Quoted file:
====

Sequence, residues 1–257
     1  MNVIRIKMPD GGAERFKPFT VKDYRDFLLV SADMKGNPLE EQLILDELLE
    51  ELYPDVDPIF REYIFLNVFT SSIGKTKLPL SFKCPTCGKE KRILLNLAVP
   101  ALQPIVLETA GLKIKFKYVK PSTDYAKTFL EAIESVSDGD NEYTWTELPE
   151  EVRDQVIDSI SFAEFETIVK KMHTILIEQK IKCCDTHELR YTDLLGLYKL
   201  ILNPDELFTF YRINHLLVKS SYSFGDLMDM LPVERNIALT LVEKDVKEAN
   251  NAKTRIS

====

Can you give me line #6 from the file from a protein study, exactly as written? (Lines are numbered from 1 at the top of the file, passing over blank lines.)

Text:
   201  ILNPDELFTF YRINHLLVKS SYSFGDLMDM LPVERNIALT LVEKDVKEAN